How can food safety be legally enforced?
Food safety is deemed to be an important issue in Bangladesh, as consumers of the country are suffering due to serious adulteration in food. The Bangladesh government observes February 2 as National Food Safety Day to emphasize the issue of food safety every year.
The constitution of Bangladesh gives importance to food safety. For example, Article 15 states: “It shall be a fundamental responsibility of the State to secure provisions of the basic necessities of life including food.”
Bangladesh has many laws and regulations to cover some areas of food safety, but the regulatory frameworks and implementation are still weak. Food safety in Bangladesh was previously regulated by the Bangladesh Pure Food Ordinance (1959) and the Bangladesh Pure Food Rules (1967). The Pure Food Ordinance 1959 (amended) in 2005 was repealed by the Food Safety Act of 2013.
The unique provision of this act is to establish the Pure Food Court, and gives an exclusive mandate ensuring the goals of the act though the Pure Food Court. This is a stringent and effective law on food governance and justice regulating food management in the legal sphere.
The maximum punishment for violating the act is up to five years of imprisonment and a fine of up to Tk10 lakh.
The punishment for every offense will be doubled if anyone commits it more than once. The punishment is severe and the monetary fine is also huge compared to other laws of the land.
As the mandate of the act, the government has empowered Senior Judicial Magistrate Court-1 in the district level, and more than one court in the metropolitan area as the Pure Food Court for trial.
By the notification of Law and Justice Division of the ministry concerned, 71 courts across the country were empowered to try offenses under the Food Safety Act of 2013. It is ironic that no new, separate pure food court has been established in the country.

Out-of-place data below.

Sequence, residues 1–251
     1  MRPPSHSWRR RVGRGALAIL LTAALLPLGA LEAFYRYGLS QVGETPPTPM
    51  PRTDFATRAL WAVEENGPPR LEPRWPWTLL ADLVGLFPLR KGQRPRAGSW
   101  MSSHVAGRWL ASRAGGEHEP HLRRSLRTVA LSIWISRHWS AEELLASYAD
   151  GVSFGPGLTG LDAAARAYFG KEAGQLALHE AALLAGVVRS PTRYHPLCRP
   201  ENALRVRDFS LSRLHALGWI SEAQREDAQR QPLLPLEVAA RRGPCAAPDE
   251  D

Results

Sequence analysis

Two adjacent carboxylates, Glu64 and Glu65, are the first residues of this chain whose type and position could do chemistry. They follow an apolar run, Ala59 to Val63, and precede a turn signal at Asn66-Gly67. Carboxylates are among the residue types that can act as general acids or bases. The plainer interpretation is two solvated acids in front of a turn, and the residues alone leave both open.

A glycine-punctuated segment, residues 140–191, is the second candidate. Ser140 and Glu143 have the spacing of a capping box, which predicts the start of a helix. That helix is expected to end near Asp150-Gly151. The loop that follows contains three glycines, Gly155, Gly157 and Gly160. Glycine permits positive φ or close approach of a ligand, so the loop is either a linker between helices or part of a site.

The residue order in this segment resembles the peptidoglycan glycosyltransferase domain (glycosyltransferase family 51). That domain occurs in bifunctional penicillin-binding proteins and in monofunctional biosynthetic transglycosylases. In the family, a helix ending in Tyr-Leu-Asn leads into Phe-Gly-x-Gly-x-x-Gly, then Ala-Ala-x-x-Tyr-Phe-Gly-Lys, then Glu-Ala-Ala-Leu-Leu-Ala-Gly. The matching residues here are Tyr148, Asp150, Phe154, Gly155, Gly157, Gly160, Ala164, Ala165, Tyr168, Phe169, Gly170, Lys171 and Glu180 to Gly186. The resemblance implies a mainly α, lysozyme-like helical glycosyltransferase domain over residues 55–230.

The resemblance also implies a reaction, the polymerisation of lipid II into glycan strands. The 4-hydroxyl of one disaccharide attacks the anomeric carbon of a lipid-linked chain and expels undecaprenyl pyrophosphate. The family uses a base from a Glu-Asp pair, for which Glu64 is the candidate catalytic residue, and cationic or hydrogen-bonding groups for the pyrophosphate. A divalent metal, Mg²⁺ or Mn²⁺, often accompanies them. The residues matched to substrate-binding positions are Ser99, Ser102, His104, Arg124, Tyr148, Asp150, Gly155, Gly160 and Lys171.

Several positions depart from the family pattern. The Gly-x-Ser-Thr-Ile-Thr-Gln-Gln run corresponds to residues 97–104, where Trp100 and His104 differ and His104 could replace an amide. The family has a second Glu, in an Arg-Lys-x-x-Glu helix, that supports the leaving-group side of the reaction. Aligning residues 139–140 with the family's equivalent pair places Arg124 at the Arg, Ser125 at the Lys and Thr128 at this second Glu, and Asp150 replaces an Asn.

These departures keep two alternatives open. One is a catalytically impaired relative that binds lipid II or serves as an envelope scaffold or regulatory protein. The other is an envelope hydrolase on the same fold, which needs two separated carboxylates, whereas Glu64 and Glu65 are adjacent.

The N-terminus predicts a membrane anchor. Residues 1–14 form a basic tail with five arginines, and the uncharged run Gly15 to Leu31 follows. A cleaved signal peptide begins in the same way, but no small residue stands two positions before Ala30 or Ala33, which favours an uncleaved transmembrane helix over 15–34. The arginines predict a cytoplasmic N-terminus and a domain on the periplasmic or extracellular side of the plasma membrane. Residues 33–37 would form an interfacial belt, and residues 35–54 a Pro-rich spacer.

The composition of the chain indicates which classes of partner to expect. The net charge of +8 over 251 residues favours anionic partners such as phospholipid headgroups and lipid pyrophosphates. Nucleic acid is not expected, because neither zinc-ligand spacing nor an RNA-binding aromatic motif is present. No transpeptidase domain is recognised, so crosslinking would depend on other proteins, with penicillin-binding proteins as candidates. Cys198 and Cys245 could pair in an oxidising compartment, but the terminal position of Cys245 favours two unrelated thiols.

Additional charges on the existing magistrate courts have already placed a huge burden on the system. The BFSA claims that each court has been assigned a public prosecutor. In practice, we don’t notify any public prosecutor in the court for cases.
Practically, in the Pure Food Court, there is no case on food safety matters under this act across the country except in Dhaka.
The local and central authorities are silent and inactive about the filing of cases in the court, and receive complaints from the consumers. Food safety authorities published a special supplement on the celebration of National Food Safety Day 2020 where the activities of the authorities were provided.
But there was no information about the regular filing of cases in the pure food courts across the country, whereas the detail of mobile courts was supplied. That means the 71 “pure food courts” are misnomers when it comes to ensuring food safety.
The Food Safety Act of 2013 is a very progressive law to entertain the complaints of aggrieved persons and take action on the spot.
Section 66(1) of the act says: “Any person, including food purchaser, consumer, food receiver, or user, may lodge a complaint in writing to the Chairman or any person authorized by him on this behalf or an Inspector, in respect of any anti-food safety practice under this Act.”
But in practice, people are unaware of the application of this provision.
The legal promise is to call people to file complaints. For such public awareness, Section 62 of the act approves 25% of incentives to the complainant, like the Consumer Protection Act of 2009.
This provision is also not well-known to people. Considering the above provisions, it is crystal clear that the act contains wonderful provisions to file complaints to the local authorities concerned, and lodge a case in the Pure Food Court directly. By the filing of the case, the complainant can get a good compensation from the fine as incentive for social action.
To ensure consumer rights effectively, and the Sustainable Development Goals (SDG) within 2030 on food safety, it is necessary to establish a separate and active pure food court to deal with cases of violation of consumer rights and food adulteration.
Moreover, the pure food court can conduct mobile courts for initiating summary trials on the spot. Recently, in some districts of the country such as Rajshahi, Bandarban, Patuakhali, and Chandpur, magistrate courts have conducted pure food court on the spot and taken legal actions for food safety justice.
The pure food court is the mainstream authority to ensure food safety justice, but such courts are in the dark when we cry out for justice and action for food safety and health.
Md Zakir Hossain is a member of Bangladesh Judicial Service and Senior Judicial Magistrate, Chief Judicial Magistrate Court, Feni.